In order to be fulfilled, the promise that “the righteous shall live” really does require some sense in which the righteous do not die at all.
So this kind of promise foreshadows, by implication, more explicit statements of the possibility of eternal life, which would meet the expectations of the righteous.

The moral on which Ezekiel closes the chapter is a plea to the people to turn away from their transgressions, to “get yourself a new heart and a new spirit”.
Why must they insist on throwing themselves forward into death?
“I have no pleasure in the death of anyone, says the Lord God; so turn and live”.

It is very easy for the modern reader, scanning this passage printed among the books of the Old Testament, to miss half the significance of what Ezekiel is saying.
The most important point about this explanation is the timing.
It comes at a moment when Jerusalem and the kingdom based upon Jerusalem are about to be destroyed, as Ezekiel has been proclaiming in all the previous chapters.
On the face of it, this appears to mean the end of the relationship between the people of the land and their God.
Yet here we see an careful explanation of how their God intends to conduct himself towards them in the future, rewarding their righteousness and dealing with their transgressions.
In other words, it is taken for granted that there will be a future.

Even as the prophecy of judgement reaches its climax, we see the first signs of the prophecy of restoration.







edit on 16-3-2018 by DISRAELI because: (no reason given)




posted on Mar, 16 2018 @ 06:03 PM
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To forestall one possible line of argument, I will observe that Jesus gives exactly the same teaching.
E.g. “Unless you repent, you will all likewise perish” (Luke ch13 v5).
That is, the repentant shall live, and the unrepentant shall die.
The good news of the gospel is not about “the abolition of judgement”, but about our chances of being judged as righteous when the judgement comes.



posted on Mar, 16 2018 @ 06:42 PM
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posted on Mar, 16 2018 @ 07:00 PM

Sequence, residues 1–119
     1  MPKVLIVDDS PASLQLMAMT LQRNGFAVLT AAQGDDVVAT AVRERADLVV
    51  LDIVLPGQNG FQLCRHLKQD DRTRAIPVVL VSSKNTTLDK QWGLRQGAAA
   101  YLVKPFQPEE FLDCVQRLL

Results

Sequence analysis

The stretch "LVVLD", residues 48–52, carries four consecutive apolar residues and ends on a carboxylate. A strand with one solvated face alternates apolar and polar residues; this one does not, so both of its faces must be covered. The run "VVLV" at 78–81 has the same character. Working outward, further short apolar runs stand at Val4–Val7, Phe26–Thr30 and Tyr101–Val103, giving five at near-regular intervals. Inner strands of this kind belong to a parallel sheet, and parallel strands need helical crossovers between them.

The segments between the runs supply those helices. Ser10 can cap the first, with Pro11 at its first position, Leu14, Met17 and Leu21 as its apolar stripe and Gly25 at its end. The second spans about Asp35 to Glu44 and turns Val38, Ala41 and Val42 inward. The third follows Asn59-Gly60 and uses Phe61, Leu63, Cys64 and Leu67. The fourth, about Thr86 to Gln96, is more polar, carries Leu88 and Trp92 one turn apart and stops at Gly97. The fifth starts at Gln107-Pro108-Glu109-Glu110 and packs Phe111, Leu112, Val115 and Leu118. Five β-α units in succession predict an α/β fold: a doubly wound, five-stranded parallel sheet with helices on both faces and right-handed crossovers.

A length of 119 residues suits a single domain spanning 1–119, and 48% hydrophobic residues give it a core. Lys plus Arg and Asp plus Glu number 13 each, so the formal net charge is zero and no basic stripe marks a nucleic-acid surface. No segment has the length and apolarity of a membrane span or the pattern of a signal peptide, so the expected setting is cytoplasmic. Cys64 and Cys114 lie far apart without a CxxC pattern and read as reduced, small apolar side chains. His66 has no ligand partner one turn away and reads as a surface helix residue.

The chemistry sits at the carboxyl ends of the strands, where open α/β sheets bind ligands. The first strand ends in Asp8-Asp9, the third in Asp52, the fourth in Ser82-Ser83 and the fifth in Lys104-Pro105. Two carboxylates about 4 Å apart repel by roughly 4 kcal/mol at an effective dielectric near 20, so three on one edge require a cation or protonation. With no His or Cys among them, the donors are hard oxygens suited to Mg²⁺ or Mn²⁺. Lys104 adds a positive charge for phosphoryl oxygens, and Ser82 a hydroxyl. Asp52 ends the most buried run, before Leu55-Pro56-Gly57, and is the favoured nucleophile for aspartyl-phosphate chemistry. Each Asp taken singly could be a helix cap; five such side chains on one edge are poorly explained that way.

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But what about "only the good die young"?

That contradicts your theory.

I say good day sir! Good day.



posted on Mar, 16 2018 @ 07:10 PM
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a reply to: Jefferton
In the first place, "the good die young" is not a Biblical statement, so it doesn't have theological authority.
It seems to go back to Wordsworth;
"The good die first
And those whose hearts are dry as summer dust
Burn to the socket"- The Excursion. (Thank you, Everyman's Dictionary of Quotations and Proverbs)

In the second place, I tackled this question near the end of the OP;

Now obviously this question invites the kind of answer made by Job. He would have pointed out, quickly enough, that in practice it is not self-evident that righteous men live longer than unrighteous men.

And since everybody dies in the end, the statement that “the righteous shall live” could only have been true in a relative sense, in any case.
That is, if we are talking about ordinary physical life.
In order to be fulfilled, the promise that “the righteous shall live” really does require some sense in which the righteous do not die at all.
So this kind of promise foreshadows, by implication, more explicit statements of the possibility of eternal life, which would meet the expectations of the righteous.



posted on Mar, 17 2018 @ 01:34 AM
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Interesting how the OT teaches a Jew not to follow their heart but in Christ we are as Christians taught to follow our hearts

In Christ we Christians are supposed to have a new heart and a new spirit, I wonder how many "Christians" do have a new heart and spirit?
Live the fruit of the Spirit?



posted on Mar, 17 2018 @ 12:50 PM
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a reply to: Raggedyman
It may be a question of different idioms in language.
The N.T. has "believe in your heart", but you will know that "you shall love the Lord your God with all your heart" is a quotation from Deuteronomy.
The OT has statements like "Set your heart and soul to seek the Lord" (1 Chronicles ch22 v19), and the complaints in the prophets that the people have "hearts of stone".
Biblically speaking, the heart is the place where one makes decisions.



posted on Mar, 18 2018 @ 03:03 PM
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This thread is one of the sequels to
Seeing visions of God